It seems as if all our devices are getting smarter, stronger, and more compact. Being smaller while doing more is the overall trend.
This is also true for hearing aids, and it’s not surprising. Though hearing issues have a variety of causes, hearing difficulties are more prevalent amongst older individuals, and the world’s population is aging. About 37.5 million people and 3 million Canadians describe some level of hearing loss according to the National Institutes of Health. And that number is rising since age is the best demographic variable to predict hearing loss.
If you’re dealing with hearing loss, that’s one person too many. Are there any better ways to manage hearing loss? Let’s have them! Innovations are happening, here are a few.
Using Your Hearing Aid to Track Your Whole Body
This is so intuitive, it’s one of those “Now why didn’t I think of that” developments. Devices that offer different kinds of health tracking are almost always worn and have to be worn on the body. So do you really need a device on your wrist if you already have one in your ear? The answer is no. If you have the latest hearing aid, it probably can track your pulse, physical activity along with correcting hearing problems like tinnitus. Hearing aids can also track things that other wearables normally don’t, like the time spent conversing. How much social involvement you get can actually be a vital health metric, especially as you age.
Better Streaming Straight to You
Connectivity is the major watchword, as virtual assistants such as Siri and Alexa have moved from smartphones to in-home devices seamlessly. Audio from a device, such as a smart TV can now be streamed directly to your hearing aid if it is Bluetooth capable. Android developers now have open-source specifications supplied by Google which lets them use certain Bluetooth channels to stream uninterrupted audio straight to your hearing aid. This technology is making things like movies and music more enjoyable by acting like super-powered wireless headphones.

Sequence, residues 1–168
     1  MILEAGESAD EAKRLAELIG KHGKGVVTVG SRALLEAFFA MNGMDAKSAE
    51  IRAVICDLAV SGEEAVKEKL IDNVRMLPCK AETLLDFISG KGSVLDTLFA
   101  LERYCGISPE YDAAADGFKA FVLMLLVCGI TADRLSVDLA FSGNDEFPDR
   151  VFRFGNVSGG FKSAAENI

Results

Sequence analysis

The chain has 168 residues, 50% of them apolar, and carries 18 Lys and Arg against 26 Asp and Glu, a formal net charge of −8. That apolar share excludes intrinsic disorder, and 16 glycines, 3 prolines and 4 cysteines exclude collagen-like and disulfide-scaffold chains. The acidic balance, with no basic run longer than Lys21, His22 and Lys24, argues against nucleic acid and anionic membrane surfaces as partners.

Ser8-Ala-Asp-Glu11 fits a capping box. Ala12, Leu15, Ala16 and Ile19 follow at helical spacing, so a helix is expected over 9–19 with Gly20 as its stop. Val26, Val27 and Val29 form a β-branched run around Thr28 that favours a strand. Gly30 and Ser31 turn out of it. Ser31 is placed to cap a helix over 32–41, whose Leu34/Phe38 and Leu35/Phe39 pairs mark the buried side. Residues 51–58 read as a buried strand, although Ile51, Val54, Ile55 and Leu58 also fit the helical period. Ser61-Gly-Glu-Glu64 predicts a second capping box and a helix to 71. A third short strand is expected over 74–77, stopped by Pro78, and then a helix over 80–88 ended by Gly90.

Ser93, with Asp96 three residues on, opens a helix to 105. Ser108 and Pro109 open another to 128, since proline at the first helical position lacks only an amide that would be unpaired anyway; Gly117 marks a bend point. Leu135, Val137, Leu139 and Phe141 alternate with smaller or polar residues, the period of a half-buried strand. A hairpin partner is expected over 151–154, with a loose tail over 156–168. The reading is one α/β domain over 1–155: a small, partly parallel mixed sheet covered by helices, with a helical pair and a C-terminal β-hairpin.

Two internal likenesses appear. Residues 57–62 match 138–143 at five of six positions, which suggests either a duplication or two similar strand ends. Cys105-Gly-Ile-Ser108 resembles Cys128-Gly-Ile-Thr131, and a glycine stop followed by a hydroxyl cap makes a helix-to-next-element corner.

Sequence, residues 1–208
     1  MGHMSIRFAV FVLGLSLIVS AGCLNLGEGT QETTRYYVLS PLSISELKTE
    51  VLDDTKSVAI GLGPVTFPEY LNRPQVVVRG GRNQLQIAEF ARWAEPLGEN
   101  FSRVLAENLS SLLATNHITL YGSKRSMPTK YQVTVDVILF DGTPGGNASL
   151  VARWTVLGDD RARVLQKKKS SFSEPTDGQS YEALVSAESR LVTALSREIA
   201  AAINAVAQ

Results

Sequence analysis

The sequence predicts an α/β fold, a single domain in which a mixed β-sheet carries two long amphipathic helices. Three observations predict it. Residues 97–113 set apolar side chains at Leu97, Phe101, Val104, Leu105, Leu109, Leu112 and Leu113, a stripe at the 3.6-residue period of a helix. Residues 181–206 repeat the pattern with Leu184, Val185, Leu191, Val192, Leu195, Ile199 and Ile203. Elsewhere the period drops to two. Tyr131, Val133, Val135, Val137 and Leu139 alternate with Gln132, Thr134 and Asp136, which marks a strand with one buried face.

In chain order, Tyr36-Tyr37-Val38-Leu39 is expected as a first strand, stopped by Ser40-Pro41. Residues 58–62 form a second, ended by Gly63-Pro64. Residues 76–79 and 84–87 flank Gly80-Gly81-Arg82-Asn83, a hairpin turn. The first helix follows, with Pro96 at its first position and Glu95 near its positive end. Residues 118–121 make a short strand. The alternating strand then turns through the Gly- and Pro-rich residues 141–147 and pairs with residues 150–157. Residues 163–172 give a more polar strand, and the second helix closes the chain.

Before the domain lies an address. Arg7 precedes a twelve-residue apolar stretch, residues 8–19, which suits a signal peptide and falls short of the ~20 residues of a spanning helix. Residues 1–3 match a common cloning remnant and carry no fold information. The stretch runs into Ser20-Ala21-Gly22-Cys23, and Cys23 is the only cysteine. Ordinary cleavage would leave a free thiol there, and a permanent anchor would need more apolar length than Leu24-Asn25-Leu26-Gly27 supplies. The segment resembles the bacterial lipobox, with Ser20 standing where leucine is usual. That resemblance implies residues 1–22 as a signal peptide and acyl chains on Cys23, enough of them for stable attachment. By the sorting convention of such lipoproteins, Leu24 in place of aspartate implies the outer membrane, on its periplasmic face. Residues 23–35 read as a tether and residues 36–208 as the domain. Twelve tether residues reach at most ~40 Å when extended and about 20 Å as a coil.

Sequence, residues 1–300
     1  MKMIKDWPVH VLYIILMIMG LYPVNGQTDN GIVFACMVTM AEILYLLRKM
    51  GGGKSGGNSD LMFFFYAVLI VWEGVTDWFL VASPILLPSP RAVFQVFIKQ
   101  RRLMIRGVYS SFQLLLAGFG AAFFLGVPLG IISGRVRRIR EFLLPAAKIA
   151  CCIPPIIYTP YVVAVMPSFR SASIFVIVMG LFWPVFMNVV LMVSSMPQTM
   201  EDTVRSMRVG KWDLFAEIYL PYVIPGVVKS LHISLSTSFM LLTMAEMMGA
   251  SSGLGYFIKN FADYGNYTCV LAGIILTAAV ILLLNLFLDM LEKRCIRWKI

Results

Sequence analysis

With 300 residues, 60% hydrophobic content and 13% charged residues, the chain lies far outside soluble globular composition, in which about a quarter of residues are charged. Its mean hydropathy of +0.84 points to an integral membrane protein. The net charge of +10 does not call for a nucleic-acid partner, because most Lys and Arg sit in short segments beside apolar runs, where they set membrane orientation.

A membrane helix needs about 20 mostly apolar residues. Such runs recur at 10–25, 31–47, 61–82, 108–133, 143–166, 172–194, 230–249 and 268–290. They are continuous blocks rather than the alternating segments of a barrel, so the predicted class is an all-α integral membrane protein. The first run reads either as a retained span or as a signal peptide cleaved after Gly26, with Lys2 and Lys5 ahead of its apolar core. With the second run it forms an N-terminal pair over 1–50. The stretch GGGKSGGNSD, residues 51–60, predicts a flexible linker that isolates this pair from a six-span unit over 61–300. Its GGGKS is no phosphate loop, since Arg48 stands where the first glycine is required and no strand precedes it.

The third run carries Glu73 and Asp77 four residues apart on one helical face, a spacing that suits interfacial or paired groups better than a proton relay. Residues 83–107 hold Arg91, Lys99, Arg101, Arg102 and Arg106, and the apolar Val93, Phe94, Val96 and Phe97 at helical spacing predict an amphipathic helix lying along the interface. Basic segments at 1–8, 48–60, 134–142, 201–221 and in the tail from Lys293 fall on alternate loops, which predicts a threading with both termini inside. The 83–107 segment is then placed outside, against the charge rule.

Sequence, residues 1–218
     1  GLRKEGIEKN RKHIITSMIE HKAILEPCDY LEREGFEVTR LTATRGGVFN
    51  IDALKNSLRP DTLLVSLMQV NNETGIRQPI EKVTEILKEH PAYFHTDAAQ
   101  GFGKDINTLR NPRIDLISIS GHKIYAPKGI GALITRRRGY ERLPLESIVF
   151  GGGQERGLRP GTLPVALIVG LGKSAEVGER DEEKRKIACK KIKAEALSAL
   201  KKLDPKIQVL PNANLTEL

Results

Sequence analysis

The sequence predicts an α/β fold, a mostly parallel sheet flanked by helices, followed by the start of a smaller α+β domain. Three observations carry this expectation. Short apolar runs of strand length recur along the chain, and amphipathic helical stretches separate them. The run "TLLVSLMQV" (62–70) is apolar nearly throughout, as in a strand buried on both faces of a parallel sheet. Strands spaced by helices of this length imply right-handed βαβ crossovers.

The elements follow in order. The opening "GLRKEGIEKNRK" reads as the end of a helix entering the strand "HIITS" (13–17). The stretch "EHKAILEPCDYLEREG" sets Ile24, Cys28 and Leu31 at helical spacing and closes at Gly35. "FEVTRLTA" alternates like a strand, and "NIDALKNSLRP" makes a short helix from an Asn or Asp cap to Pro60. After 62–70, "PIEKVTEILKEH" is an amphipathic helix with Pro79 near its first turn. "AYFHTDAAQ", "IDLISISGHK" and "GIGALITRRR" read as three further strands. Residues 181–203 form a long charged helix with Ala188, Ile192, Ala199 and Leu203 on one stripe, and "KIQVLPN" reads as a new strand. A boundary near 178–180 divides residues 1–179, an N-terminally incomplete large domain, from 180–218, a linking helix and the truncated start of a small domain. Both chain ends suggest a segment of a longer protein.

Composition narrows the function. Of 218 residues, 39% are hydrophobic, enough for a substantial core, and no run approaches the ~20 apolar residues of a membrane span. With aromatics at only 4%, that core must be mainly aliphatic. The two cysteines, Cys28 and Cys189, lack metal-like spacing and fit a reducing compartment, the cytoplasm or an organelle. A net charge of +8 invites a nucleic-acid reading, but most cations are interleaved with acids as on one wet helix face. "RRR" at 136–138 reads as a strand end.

Smart Adjustments From Big Data
Your next hearing aid might make individualized recommendations much like how a Fitbit informs you of fitness objectives or how Netflix suggests your next movie in line with your viewing trend. Several manufacturers are working on hearing aids that will learn both from the adjustments you make and from listening to the places you go. Some push it even further, crowdsourcing information on how people use their hearing aids anonymizing and then mixing the data. All this info allows the hearing aids to ascertain your preferences and make adjustments on the fly so that whether you’re watching TV at home or you’re at an IMAX theater (for instance), you’ll get the best sound.
Eliminating The Batteries Once And For All
Yeah, it sounds too good to be true, hearing aids that don’t require batteries? It can be very inconvenient making certain you have extra batteries or that your hearing aids are completely charged. While we’re not likely to get hearing aids that don’t need any batteries, there has been a constant advancement in rechargeable technology. You’ll get quicker charging time, extended use time, and less worry about batteries, which seems pretty good.